The New York Times has a front page story today about some sizable corporate donations to the U.S. Chamber of Commerce for the Chamber’s national ad campaign to weaken federal regulation of businesses. Laura McGann at Nieman Lab piggybacks off that story to explore one way that those corporations are getting what they pay for:

For the past several years, the Chamber has also invested in its own publishing platform, running a network of local publications (print and online) that focus on legal issues in areas where business interests have been critical of the decisions of local courts. It also runs an online-only national publication called Legal Newsline.

In addition to this national site, the Chamber also directly funds several local publications in places like Louisiana, West Virginia, Illinois, and Texas, “areas where plaintiffs’ attorneys have had success with class-action suits and other litigation.” And although the site’s publisher, Brian Timpone, denies that the Chamber gives direction to the editorial team, the owner’s presence is felt throughout the news coverage. As an example, McGann presents the about page of The Louisiana Record, “Louisiana’s Legal Journal”:

To be sure, whether one agrees or disagrees with the happenings at our courthouses, no one should believe that what happens at them is the norm. This year, Louisiana’s courts were ranked among the most unfair in the nation, according to a survey (Harris Interactive) of top corporate lawyers and business executives.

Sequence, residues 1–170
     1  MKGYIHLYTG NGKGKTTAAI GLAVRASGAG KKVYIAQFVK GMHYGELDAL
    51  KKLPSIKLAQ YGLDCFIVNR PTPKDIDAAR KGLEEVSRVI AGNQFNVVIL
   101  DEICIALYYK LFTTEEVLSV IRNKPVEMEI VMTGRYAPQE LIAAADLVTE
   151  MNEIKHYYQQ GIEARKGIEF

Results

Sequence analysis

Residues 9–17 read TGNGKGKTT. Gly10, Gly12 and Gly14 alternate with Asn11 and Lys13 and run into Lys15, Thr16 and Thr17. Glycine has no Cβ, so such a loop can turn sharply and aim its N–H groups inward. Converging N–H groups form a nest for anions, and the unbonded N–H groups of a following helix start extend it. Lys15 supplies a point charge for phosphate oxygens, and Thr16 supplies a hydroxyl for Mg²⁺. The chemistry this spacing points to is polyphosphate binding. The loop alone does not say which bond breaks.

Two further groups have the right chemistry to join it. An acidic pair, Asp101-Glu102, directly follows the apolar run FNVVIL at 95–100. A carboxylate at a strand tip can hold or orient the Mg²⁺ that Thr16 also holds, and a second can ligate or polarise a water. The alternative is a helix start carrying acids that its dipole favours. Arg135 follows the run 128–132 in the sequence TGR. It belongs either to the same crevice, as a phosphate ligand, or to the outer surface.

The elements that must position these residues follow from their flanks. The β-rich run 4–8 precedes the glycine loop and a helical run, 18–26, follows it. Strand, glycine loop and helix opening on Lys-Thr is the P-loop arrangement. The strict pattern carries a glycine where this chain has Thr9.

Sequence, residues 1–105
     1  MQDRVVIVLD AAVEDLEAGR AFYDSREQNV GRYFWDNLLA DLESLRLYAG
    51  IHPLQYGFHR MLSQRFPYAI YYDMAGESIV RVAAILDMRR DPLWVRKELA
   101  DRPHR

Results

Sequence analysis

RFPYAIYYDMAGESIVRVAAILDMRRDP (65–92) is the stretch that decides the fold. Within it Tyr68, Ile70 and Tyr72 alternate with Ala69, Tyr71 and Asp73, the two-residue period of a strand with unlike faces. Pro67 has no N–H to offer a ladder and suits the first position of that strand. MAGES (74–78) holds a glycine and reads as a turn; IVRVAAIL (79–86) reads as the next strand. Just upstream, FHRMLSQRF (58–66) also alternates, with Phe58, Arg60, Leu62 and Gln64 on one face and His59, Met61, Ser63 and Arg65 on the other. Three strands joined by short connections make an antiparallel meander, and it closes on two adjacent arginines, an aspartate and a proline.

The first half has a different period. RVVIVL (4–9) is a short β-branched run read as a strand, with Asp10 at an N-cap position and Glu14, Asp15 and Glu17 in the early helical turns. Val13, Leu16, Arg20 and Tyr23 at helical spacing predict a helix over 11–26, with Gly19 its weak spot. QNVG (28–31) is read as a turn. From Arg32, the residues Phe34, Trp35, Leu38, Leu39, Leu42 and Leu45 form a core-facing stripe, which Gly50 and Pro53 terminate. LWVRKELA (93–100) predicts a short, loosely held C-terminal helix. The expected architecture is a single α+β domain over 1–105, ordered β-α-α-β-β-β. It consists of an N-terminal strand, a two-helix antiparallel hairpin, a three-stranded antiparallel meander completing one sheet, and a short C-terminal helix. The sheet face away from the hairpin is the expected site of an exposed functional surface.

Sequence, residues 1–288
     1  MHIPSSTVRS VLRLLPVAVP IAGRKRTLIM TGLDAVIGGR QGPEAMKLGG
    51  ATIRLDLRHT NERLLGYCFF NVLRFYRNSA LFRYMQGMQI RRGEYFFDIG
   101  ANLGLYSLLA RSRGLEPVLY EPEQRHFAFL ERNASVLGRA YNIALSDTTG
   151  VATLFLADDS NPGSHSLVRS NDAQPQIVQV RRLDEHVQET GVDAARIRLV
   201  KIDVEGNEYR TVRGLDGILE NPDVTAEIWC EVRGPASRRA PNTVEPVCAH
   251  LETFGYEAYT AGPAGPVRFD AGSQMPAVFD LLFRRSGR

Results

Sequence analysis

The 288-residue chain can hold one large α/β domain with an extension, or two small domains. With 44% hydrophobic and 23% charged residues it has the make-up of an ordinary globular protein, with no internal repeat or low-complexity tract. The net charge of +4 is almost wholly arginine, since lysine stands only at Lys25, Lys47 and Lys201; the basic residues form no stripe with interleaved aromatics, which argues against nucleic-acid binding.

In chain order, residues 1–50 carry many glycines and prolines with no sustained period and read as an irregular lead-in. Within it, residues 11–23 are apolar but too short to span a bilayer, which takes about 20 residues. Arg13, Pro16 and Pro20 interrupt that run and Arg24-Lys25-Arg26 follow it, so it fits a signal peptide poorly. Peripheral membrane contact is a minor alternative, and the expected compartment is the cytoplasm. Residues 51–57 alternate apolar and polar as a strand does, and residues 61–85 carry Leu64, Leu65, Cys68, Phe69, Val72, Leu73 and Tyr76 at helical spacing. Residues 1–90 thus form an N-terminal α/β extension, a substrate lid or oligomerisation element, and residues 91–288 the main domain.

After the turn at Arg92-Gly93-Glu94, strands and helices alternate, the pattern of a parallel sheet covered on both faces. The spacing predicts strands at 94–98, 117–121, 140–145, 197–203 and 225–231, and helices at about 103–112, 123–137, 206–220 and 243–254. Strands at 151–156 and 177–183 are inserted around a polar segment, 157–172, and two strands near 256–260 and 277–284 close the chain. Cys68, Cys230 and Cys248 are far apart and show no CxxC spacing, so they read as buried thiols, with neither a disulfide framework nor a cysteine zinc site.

Many accomplished local plaintiffs’ attorneys and erstwhile activists would argue that, in fact, they are the great leaders of their time, holding that Louisiana has it right and everyone else has it wrong.

On the flipside, many who drive this country’s economic engine— small businessmen, medical professionals and corporate executives— argue the opposite. They hold that plaintiffs’ attorneys use frivolous lawsuits to game the system and pillage private property. If every state were like ours, they say, America would be out of business.

At The Louisiana Record, we hope to provide an objective view of the playing field as well as an active forum for both sides of the argument so that all of us can decide for ourselves.

The site does not have any indication that it is owned by the Chamber of Commerce, though Timpone says that the link will be disclosed in articles that specifically refer to the Chamber. McGann spoke to several reporters in other news organizations who regularly linked to Chamber-published sites without knowing that they weren’t independent trade publications.

If the Chamber is so confident of their financing-editorial Chinese wall, then they shouldn’t be so shy about a prominent, website-wide disclosure, eh?

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Lauren Kirchner is a freelance writer covering digital security for CJR. Find her on Twitter at @lkirchner